The album features 11 re-interpretations of standards associated with Lady Day plus an original Wilson wrote. "Last Song (For Lester)," is imagined as a heartbreaking final message from Billie to her musical love, Lester Young.
Wilson’s entire career has been marked by a long list of collaborative recordings and performances. Perhaps the most prestigious was back in 1997, when trumpeter and composer Wynton Marsalis recruited her to be the featured vocalist on the opera Blood on the Fields — Wilson had interpreted the composition in a National Public Radio broadcast performance in 1994. This epic about slavery was the first jazz work to win a Pulitzer Prize. In 1998 she performed it with Marsalis and his group at Lincoln Center in New York City.
In 1996 she joined in with assorted artists including Q-Tip and D’Angelo in performing cameos for The Roots on their album, illadelph halflife. She also opened for Ray Charles at Radio City Music Hall that year. Additionally, Wilson has collaborated from time to time with Benin folk musician Angélique Kidjo, including a performance at the Montreaux Jazz Festival.
In April 2017, Harvard University’s the Jazz Master in Residence program invited Wilson to share her expertise and experiences in music with students, as well as rehearse and perform with them at Sanders Theatre as part of the University’s ongoing Women in Jazz celebration.
In the fall of 2017, Wilson joined Hothouse Flowers frontman Liam Ó Maonlaí of Ireland for the acclaimed Masters in Collaboration series. Along with a stellar ensemble of top Irish, folk, and jazz musicians from both sides of the Atlantic, the pair blended jazz and Irish contemporary music together for concerts at Dublin's Olympia Theatre, Largo at the Coronet in Los Angeles, The Old Town School in Chicago and the Irish Arts Center in New York City.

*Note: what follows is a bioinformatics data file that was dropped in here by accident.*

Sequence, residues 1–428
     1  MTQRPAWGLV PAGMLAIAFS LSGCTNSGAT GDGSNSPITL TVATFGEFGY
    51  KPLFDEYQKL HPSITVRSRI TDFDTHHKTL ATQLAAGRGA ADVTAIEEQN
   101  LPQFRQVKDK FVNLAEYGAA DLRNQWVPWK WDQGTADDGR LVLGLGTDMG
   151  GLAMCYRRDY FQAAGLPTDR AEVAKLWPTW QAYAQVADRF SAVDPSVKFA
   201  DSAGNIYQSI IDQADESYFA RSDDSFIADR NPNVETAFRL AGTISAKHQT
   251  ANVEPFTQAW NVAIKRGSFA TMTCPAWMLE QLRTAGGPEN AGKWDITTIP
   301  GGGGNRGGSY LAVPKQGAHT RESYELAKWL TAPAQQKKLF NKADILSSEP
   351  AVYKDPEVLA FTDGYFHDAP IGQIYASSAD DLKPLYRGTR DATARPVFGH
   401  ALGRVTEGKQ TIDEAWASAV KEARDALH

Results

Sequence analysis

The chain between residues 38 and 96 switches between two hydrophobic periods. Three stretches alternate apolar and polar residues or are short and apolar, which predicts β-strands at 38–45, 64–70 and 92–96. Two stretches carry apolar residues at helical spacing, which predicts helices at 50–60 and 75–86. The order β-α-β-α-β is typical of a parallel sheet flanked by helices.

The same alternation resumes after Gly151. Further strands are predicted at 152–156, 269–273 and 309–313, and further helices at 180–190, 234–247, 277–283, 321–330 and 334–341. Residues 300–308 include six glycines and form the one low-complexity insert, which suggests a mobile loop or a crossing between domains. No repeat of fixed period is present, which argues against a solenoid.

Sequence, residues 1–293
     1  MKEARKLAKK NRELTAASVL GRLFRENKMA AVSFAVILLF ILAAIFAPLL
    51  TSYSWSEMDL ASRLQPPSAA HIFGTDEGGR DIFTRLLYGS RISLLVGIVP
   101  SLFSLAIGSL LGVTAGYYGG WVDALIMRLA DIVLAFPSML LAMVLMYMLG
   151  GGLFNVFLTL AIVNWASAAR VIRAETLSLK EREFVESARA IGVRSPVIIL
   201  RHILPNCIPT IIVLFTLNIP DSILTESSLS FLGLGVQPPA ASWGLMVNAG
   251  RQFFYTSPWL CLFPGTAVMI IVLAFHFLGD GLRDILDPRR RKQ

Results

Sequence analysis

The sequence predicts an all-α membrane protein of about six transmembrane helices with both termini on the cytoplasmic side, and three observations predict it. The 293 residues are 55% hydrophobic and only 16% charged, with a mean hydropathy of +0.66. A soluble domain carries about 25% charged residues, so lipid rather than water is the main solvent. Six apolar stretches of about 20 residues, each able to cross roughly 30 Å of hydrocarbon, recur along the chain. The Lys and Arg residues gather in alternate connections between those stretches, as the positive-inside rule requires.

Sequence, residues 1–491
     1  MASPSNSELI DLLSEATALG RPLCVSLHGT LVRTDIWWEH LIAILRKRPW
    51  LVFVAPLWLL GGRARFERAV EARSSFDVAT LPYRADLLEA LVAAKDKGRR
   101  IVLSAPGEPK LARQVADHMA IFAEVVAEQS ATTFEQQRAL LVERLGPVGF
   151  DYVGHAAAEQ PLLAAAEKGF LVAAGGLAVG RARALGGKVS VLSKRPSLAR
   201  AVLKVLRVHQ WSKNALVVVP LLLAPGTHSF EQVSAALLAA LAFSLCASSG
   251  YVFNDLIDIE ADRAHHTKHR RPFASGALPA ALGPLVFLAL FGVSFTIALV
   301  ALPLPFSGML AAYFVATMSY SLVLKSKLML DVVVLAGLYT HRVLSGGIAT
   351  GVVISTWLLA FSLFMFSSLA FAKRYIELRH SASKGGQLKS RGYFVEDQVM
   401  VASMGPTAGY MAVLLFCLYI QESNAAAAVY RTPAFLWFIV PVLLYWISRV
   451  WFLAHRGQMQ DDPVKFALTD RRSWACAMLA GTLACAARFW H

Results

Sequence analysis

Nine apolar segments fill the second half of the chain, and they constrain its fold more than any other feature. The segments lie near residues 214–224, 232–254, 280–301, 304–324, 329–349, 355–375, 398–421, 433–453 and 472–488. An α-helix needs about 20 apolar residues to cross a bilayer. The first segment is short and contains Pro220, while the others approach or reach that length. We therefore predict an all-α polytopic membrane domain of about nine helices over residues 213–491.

Awards and Accolades
Wilson continues to interpret and find fresh and creative ways to perform jazz, vintage blues, country and folk music. In addition to her two Grammys, her awards include the Django D’Or, The Edison Music Award and a marker on the Mississippi Blues Trail. At the 2009 Mississippi Governor’s Awards, she received the Artistic Excellence in Music Award.
Wilson married Anthony Wilson in 1981 but they divorced in 1983. She has one son, Jeris, who was born in the late 1980s and for many years the two lived in Harlem, New York, in an apartment that once belonged to jazz great Duke Ellington, Lena Horne and boxing legend Joe Louis. In 2000, Wilson married actor Isaach de Bankolé, who directed her in the concert film, Traveling Miles: Cassandra Wilson. They divorced in 2003.